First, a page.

Saving a buck
These are penny-pinching times. Thermostats and consumer spending are down. People are traveling less and doing without frills.
Cattlemen often embrace this conservative spirit, even in the good years. We know that the cattle cycle turns, and favorable prices can only last so long. Maybe you hear the echo from dad or grandpa: “Waste not, want not.” Living through the Great Depression, they taught you to see the second or third life in all supplies.
Used feed sacks can be used again or double as garbage bags. You take worn-out tires home to “recycle” on a wagon or to hold down your silage tarp. You look at that leaning barn that others said needs a match. You’ll save the tin and two-by-sixes first, for projects down the road. When times get tough, it can be hard for the already thrifty to cut expenses, especially if you’ve managed to keep a focus on producing quality.
As you look at operating costs and search for cuts, you notice the vaccination program. Then there’s the creep feed, the regular facilities upgrades and those source- and ageverification tags you’ve been using.
It’s healthy to question everything, but before you go after the nickels and dimes that help you produce highquality calves, take another look at the dollars in cow feed costs.
Even if you own the land and there’s a stockpile of good grass, cows don’t eat free. They do eat more the longer they’re nursing; that gets costly when you need to supplement pairs. You might consider early weaning this year to keep some cash in your pocket while increasing profit from those calves.
“What? Take calves off the free milk and feed them a ration? That’s going to save money?” Dollar-pinching times call for open minds. Put a pencil to your winter feed costs, the supplement in less productive seasons, even pasture rent. How much could you save if those cows had one or two more points of body condition on them going into the months of poorer forage? Any grass resource will last longer if the cows graze it solo late in the season. You only have so many animal unit months; decide if you want to run fewer pairs for a shorter season or wean the calves and save more for the cows. The benefit may come later as pastures thrive with less pressure. That will really help in times of drought or other emergencies. In even less time, your cows and calves could gain from some calendar tweaks.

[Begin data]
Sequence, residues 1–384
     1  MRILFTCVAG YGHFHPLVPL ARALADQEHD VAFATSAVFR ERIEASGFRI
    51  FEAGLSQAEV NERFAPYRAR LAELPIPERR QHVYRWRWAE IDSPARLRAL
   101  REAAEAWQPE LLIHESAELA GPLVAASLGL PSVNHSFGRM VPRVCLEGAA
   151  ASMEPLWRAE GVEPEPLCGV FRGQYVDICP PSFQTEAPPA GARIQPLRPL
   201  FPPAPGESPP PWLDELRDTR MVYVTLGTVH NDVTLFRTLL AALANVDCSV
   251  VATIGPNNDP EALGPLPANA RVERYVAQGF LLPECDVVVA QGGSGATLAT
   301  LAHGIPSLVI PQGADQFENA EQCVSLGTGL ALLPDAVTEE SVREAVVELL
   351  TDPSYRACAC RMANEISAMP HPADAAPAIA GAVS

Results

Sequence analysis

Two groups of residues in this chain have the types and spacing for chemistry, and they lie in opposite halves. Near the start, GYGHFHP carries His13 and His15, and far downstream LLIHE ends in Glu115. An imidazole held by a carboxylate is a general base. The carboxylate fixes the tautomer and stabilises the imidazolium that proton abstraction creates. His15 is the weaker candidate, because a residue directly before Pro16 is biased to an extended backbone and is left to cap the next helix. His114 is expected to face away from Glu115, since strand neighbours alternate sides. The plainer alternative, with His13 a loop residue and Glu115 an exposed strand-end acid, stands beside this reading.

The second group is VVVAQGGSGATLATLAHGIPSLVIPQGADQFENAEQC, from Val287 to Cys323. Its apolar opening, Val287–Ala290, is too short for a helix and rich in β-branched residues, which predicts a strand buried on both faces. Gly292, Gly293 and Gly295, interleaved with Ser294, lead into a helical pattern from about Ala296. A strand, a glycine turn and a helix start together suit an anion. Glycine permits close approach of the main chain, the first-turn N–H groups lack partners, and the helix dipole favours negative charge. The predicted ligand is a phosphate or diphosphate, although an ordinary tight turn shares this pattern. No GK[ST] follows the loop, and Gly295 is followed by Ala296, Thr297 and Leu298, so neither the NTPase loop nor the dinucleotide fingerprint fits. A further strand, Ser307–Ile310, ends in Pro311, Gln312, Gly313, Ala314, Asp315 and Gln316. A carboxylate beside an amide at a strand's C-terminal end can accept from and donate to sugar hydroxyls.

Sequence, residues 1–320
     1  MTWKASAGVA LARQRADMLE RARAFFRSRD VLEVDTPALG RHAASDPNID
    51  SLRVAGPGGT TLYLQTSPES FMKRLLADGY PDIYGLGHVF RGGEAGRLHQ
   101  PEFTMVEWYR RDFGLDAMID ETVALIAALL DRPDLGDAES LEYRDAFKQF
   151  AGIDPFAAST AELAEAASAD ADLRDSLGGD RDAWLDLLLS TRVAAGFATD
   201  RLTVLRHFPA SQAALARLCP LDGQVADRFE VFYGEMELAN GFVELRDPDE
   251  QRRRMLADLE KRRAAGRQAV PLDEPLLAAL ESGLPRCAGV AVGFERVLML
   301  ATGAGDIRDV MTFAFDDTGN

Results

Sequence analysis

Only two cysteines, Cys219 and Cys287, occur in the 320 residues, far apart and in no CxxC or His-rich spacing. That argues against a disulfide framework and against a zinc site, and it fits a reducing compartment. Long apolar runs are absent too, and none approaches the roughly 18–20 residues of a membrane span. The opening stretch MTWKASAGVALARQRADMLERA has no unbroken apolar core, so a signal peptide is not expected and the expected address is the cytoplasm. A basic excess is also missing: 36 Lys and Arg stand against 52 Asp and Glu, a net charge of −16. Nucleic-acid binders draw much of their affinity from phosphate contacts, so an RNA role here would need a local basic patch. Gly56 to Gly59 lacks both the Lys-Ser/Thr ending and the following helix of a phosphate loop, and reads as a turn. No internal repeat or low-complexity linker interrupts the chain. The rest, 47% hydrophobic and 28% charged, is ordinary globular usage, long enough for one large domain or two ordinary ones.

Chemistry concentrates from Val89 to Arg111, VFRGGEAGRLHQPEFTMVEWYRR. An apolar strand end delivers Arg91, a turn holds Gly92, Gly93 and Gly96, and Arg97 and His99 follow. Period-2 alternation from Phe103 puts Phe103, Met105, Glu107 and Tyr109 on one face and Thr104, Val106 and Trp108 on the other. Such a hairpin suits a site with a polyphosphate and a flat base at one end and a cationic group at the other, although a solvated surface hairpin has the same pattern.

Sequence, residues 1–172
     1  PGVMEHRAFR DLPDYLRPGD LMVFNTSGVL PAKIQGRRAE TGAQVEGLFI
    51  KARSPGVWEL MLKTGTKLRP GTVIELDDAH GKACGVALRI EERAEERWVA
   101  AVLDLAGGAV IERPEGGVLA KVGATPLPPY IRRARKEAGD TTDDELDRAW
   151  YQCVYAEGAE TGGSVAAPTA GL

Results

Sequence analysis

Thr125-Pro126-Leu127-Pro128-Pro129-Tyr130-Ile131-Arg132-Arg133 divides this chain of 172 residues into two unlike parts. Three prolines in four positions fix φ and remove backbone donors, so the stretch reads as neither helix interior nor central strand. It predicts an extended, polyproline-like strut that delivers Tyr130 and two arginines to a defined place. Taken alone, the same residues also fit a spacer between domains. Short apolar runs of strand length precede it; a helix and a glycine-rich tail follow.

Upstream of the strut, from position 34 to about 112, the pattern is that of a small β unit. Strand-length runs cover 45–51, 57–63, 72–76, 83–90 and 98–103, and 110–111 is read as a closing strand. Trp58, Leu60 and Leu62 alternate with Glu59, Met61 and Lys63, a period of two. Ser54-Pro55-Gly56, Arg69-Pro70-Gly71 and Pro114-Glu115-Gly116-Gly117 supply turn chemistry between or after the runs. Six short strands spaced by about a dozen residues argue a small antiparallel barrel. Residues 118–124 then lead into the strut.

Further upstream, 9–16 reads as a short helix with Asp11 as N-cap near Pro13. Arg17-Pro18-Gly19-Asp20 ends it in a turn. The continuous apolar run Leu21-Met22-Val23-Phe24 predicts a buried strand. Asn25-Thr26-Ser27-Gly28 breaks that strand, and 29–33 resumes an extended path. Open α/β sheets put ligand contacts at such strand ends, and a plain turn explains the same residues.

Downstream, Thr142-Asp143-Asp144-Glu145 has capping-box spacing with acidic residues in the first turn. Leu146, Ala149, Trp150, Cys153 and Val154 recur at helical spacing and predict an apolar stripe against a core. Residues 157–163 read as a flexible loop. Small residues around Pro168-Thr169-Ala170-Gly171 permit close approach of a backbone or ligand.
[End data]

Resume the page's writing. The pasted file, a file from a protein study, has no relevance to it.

With more time and calories to prepare themselves for the next breeding season, conception rates could rise. Research suggests every two weeks beyond an ideal weaning date, cows lose a tenth of a body-condition score. Conversely, they build up condition after earlier weaning. A month or two can make a big change for those cows. Many who have tried early weaning, perhaps due to drought, know the advantages for calves. Besides improved health, an early-weaned calf is extremely efficient. Studies show conversions as high as 3 pounds of feed per pound of gain, with relatively efficient gain all the way through finishing for a lifelong feed savings. Plus, their end quality grade gets a boost from the longer time on a high-starch diet. That’s all part of adding value to every link of the chain.
The alternatives of supplementing pairs late in the season or letting calves get by on “free milk” could mean net feed conversions of about half the potential efficiency, or calves with stunted genetic potential that will never hit a high-quality target, not to mention the benefits to your range.
Marketing options sweeten the deal. Early-weaned calves can sell when demand is hotter, and the same could hold true for earlier-identified cull cows. Early or late, it’s all about the calendar. That’s at least as true for calving as it is for weaning, for both govern feed costs.
Forget your current calving season for the moment and think about when it should be. In the north, sliding from February-March to April-May could let your pairs graze spring growth and flush for breeding. That saves on feed and trips with the hay truck. Then, weaning at the traditional time would turn into early weaning.
Remember to look at everything related to feed costs, too. Volatile markets call for a frequent check of alternative ingredients and methods of delivery, for example. Try the math on anything and everything. Maybe later generations will benefit and remember your solutions, as practical as mended jeans and resoled boots. — Miranda Reiman (“Black ink” is a cattle management column written by Steve Suther and Miranda Reiman of Certified Angus Beef. The column is not designed for strictly Angus producers, and does not necessarily represent the views or opinions of WLJ or its editorial staff.)